As the snow finally starts losing the battle with summer, I find myself less and less inclined to ski. Not because I don’t enjoy it- I still do. And summer snow can be really fun. But hiking for miles and miles just to reach the snow starts to lose a lot of allure for me. Brittany, on the other hand, will keep going until the snow gets really bad. With this in mind, we chose something with virtually no approach- Sundance Mountain.
When it comes to summer skiing, it can be really nice to ski somewhere with great access and high elevation, like Independence Pass, Mount Evans, and Trail Ridge road. Strangely, I’d only skied Trail Ridge once, back in college, while Brittany hadn’t even been on that road before. In classic summer skiing style, we had a big posse of 6 skiers and snowboarders. Summer skiing should be a party! The 5 minute approach was comical- “No really, there’s snow back there!”
I was probably a little bit more excited than normal to ski since I had a brand new pair of Blizzard ZeroG 108’s. Thanks Kelly at The Alpineer for the summertime mount!
The top half of the run was brutal, with the flat terrain severely runnelled and suncupped and surprisingly icy. The straight part of every turn was a death-rattling experience, but it wasn’t too bad going across the hill. At least we could party ski:
Skiing in late spring can be incredibly fun – especially because access can become much easier. Suddenly, a peak that is tucked miles and miles away up valley during winter might become nearly effortless to access as dirt roads melt out. Once such example is Emma Burr Mountain.
Yep, that’s right Emma Burr Mountain. Most of you have probably never heard of it. No, it’s not this huge ski mountaineering destination. But, tucked away in the middle of the Sawatch Range, Emma Burr Mountain can hold its own. We certainly had some fun skiing there. And admittedly, it bears the same first name as one of my grandmothers, so I took an instant liking to it.
Emma Burr Mountain has some great options for backcountry skiers!
Natalie and I met the night before and camped up the road past Cottonwood Lake. We went for a moderate alpine start.
Yep. Me with Emma Burr behind. And, oh yeah, a toad crossing sign!
It didn’t take long for us to reach the head of the valley and begin ascending the slopes of Emma Burr. Natalie.
Please enjoy this guest blog post brought to you from Alaska by our friend Mike Records! – Brittany
Marcus Baker is scary. Rising 13,000 feet straight out of the Prince William Sound, it turns benign southerly winds into storms, storms into blizzards, and blizzards into monsters. There are so many stories: 11 days in a snow cave, snow caves filling in too fast to dig out, time to dig mansions underground. So, when forecast run after forecast run showed a strong high pressure window forming, the destination seemed obvious. Next up was putting together a last minute team with the requisite rope, glacier, skiing, and avalanche experience for a smash and grab mission. Mary and Sarah were available, and as usual, up for anything. After a frantic night of packing we pulled into Mike Meekin’s Sheep Mountain air strip 8 AM on Friday. First, Mike would take me out with the gear, then the ladies would follow. Lifting off the gravel airstrip above budding trees it was hard to believe it could be winter anywhere. 5 minutes later, the cracked surface of the Matanuska Glacier was below us.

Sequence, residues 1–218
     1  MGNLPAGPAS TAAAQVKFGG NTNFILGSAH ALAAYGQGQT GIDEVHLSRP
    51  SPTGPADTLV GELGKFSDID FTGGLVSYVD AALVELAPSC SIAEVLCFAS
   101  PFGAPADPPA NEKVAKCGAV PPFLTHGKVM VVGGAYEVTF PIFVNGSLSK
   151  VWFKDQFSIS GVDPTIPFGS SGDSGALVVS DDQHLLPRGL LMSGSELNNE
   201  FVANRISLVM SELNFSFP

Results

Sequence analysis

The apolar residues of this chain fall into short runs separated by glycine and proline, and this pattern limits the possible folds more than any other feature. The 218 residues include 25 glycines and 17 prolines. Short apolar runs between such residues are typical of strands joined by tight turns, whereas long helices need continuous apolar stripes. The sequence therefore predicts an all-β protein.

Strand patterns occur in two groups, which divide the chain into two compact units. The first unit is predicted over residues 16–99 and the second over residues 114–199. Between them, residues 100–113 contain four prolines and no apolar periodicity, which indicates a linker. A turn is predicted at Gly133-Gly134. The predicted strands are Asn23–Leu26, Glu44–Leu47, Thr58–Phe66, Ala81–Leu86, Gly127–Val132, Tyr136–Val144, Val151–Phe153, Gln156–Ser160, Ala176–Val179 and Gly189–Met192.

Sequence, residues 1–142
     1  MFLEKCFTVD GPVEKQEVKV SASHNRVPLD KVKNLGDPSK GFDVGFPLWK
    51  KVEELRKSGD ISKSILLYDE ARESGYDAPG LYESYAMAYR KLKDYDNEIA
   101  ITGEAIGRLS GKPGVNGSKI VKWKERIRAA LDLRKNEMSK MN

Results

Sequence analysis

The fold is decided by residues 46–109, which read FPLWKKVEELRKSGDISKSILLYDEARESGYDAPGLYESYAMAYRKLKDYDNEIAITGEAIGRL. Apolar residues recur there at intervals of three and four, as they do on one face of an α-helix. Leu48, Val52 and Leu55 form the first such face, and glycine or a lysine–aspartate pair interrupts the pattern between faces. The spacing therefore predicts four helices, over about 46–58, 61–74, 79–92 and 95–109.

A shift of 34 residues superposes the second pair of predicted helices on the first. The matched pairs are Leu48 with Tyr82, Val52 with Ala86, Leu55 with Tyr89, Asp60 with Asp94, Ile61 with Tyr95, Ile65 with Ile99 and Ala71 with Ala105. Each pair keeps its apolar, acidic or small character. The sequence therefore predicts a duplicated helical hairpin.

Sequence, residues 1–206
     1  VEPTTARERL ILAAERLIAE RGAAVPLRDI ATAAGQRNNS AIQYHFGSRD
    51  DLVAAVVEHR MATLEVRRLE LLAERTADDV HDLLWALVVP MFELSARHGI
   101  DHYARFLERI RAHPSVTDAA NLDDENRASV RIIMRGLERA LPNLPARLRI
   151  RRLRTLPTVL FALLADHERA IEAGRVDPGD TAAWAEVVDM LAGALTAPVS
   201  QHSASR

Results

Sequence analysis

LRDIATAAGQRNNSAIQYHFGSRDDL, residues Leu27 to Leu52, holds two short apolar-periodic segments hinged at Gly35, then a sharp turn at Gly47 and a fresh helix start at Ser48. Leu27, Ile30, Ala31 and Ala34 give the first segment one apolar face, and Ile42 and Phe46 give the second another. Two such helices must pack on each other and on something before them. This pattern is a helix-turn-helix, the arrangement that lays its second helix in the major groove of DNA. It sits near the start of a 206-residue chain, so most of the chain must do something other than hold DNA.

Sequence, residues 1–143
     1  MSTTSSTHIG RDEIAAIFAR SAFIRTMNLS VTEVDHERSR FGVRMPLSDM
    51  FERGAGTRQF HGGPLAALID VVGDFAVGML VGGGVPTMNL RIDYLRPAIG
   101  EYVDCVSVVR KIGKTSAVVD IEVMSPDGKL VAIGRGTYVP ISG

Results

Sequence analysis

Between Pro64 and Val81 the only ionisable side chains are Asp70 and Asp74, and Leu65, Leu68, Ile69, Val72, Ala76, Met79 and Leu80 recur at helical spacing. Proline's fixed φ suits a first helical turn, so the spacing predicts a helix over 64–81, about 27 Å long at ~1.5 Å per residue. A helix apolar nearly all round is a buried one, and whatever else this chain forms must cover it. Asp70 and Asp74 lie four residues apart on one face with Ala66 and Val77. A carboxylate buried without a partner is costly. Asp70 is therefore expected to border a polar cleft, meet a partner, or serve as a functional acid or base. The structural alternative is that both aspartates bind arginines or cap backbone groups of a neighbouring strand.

Melt ponds already forming on the glacier surface:
Mike briefly distracted me from the scenery because he had just returned from a packraft/SuperCub brown bear hunt that he had to show me pictures of. Looking up from his phone, the glacier started to curve away to the south.
In early June, the snow was transitioning from a spring snowpack to a summer snowpack. East and south aspects were shedding, while north and west were holding snow quite nicely. Still, warmer temperatures were sometimes doing unpredictable things to the snowpack. Longer days were getting hard as they required a very early alpine start. So, my friend Larry and I looked for something north-facing and short. Polaris Couloir on North Star Mountain proved to be the perfect choice!
The views from Blue Lakes in the morning were gorgeous.
As we headed up the valley, we passed many potential ski lines off the ridge that forms North Star Mountain. But, we were after one of the steepest ones – Polaris Couloir.
Booting is fun. Larry.